n. 1 (context obsolete philosophy English) matter 2 The first matter of the cosmos, from which the four elements arose, according to the doctrines of Empedocles and Aristotle.
In philosophy, hyle (; from ) refers to matter or stuff. It can also be the material cause underlying a change in Aristotelian philosophy. The Greeks originally had no word for matter in general, as opposed to raw material suitable for some specific purpose or other, so Aristotle adapted the word for "wood" to this purpose. The idea that everything physical is made of the same basic substance holds up well under modern science, although it may be thought of more in terms of energy or matter/energy.
Usage examples of "hyle".
Oresbius cinched with shining belt who had lived in Hyle hoarding his great wealth, his estate aslope the shores of Lake Cephisus, and round him Boeotians held the fertile plain.
Ser Hyle on a chestnut courser and Brienne on her tall grey mare, Podrick Payne astride his swayback stot, and Septon Meribald walking beside them with his quarterstaff, leading a small donkey and a large dog.
With them, perhaps, I was calling Lorenza to me, or perhaps I was only repeating them to myself, in a propitiatory litany: White Copper, Immaculate Lamb, Aibathest, Alborach, Blessed Water, Purified Mercury, Orpiment, Azoch, Baurach, Cambar, Caspa, Cherry, Wax, Chaia, Comerisson, Electron, Euphrates, Eve, Fada, Fa-vonius, Foundation of the Art, Precious Stone of Givinis, Diamond, Zibach, Ziva, Veil, Narcissus, Lily, Hermaphrodite, Hae, Hypostasis, Hyle, Virgin’s Milk, Unique Stone, Full Moon, Mother, Living Oil, Legume, Egg, Phlegm, Point, Root, Salt of Nature, Leafy Earth, Tevos, Tincar, Steam, Evening Star, Wind, Virago, Pharaoh’s Glass, Baby’s Urine, Vulture, Placenta, Menstruum, Fugitive Slave, Left Hand, Sperm of Metals, Spirit, Tin, Juice, Oil of Sulfur.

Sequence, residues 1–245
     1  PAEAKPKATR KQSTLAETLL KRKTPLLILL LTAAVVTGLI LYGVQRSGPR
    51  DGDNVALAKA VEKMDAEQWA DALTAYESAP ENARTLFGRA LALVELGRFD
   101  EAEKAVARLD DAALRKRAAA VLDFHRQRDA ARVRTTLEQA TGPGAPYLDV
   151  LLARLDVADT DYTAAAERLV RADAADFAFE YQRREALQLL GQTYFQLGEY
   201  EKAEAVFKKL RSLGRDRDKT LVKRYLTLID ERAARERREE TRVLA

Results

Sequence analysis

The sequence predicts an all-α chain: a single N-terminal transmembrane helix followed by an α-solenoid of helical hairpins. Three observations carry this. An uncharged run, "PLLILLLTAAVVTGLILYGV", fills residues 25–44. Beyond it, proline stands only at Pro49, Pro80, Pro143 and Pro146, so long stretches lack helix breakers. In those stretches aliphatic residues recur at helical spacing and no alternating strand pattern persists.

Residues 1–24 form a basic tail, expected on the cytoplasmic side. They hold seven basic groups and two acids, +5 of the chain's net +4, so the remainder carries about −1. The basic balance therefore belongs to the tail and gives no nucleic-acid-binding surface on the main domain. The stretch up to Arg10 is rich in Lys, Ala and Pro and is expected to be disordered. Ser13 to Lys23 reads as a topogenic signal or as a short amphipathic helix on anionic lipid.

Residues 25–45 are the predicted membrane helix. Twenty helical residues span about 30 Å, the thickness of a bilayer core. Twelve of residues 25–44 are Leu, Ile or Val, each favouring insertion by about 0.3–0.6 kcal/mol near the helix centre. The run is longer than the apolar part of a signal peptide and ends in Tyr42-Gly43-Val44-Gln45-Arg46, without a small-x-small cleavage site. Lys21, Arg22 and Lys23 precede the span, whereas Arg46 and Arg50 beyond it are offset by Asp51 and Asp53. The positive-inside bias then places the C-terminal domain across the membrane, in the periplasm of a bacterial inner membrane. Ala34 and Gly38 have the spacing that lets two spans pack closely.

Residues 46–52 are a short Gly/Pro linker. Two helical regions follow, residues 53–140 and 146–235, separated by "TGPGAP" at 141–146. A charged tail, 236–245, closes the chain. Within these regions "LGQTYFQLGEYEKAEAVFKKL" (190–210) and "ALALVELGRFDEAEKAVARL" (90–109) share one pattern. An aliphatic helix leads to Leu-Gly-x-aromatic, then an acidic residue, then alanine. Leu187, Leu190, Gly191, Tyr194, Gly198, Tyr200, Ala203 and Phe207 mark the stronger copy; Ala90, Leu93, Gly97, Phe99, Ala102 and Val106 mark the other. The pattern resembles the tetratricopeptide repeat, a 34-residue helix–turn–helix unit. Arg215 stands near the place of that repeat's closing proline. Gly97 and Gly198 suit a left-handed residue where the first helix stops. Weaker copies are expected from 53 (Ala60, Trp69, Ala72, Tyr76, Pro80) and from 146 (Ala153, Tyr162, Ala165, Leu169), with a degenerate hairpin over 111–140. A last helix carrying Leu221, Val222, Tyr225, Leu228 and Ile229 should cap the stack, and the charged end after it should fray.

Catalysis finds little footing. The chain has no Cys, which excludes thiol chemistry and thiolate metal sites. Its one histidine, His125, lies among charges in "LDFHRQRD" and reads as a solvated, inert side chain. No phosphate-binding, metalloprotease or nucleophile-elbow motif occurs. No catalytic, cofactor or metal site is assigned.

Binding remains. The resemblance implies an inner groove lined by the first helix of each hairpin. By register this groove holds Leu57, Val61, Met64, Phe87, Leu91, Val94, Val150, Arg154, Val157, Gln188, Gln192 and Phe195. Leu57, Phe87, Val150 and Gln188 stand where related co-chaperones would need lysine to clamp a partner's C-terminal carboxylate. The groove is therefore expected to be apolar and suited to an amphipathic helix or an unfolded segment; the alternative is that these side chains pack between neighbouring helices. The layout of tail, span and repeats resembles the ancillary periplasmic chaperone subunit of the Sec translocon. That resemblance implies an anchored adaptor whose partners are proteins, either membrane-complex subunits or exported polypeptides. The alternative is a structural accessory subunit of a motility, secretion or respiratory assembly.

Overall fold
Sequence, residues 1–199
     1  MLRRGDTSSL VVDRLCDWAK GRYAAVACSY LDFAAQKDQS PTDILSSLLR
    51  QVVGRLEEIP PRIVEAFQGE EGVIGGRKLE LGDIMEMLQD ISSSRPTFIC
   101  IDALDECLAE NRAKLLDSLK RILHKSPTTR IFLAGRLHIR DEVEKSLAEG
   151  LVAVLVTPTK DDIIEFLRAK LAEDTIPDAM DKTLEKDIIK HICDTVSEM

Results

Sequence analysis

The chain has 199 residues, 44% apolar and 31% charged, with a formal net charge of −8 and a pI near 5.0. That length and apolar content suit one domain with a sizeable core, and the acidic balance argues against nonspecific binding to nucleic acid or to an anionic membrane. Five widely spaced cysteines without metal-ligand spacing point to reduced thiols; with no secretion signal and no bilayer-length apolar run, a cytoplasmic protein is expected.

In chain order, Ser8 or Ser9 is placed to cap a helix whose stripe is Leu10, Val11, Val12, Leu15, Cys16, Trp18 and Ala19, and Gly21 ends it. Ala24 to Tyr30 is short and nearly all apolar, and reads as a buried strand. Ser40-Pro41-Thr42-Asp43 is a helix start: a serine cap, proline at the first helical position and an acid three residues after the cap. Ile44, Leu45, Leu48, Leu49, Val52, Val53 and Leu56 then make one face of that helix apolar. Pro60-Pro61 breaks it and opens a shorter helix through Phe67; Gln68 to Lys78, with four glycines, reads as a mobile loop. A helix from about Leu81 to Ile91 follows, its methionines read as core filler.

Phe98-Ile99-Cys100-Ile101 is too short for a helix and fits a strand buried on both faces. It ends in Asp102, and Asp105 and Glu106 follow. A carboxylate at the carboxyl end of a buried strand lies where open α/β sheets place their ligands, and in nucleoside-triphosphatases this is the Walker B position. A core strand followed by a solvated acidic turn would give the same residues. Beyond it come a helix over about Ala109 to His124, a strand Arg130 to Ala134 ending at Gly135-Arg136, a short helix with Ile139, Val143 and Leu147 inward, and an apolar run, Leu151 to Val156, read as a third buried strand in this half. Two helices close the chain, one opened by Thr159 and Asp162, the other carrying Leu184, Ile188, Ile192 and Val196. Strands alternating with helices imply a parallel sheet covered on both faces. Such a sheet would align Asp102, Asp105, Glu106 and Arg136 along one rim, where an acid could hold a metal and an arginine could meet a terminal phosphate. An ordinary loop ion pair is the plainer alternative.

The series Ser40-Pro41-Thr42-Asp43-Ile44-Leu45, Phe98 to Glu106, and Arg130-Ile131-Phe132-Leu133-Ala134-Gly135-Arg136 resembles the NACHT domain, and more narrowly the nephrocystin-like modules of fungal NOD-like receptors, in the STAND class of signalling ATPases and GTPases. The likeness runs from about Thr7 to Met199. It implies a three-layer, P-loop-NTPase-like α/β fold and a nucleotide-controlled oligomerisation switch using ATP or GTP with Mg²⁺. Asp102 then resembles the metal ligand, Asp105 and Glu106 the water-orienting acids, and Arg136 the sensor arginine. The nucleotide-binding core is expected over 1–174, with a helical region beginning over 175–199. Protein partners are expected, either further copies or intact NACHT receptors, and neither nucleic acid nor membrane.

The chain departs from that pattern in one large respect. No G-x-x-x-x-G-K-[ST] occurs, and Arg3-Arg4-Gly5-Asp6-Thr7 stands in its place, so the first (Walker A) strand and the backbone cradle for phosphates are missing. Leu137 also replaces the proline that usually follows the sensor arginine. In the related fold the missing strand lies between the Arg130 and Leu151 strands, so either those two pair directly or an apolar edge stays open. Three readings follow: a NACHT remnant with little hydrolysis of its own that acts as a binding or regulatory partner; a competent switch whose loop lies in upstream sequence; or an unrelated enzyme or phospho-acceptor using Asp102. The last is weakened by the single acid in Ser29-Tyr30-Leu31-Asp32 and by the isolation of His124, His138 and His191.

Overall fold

Ajax came up bearing his shield in front of him like a wall a shield of bronze with seven folds of oxhide the work of Tychius, who lived in Hyle and was by far the best worker in leather.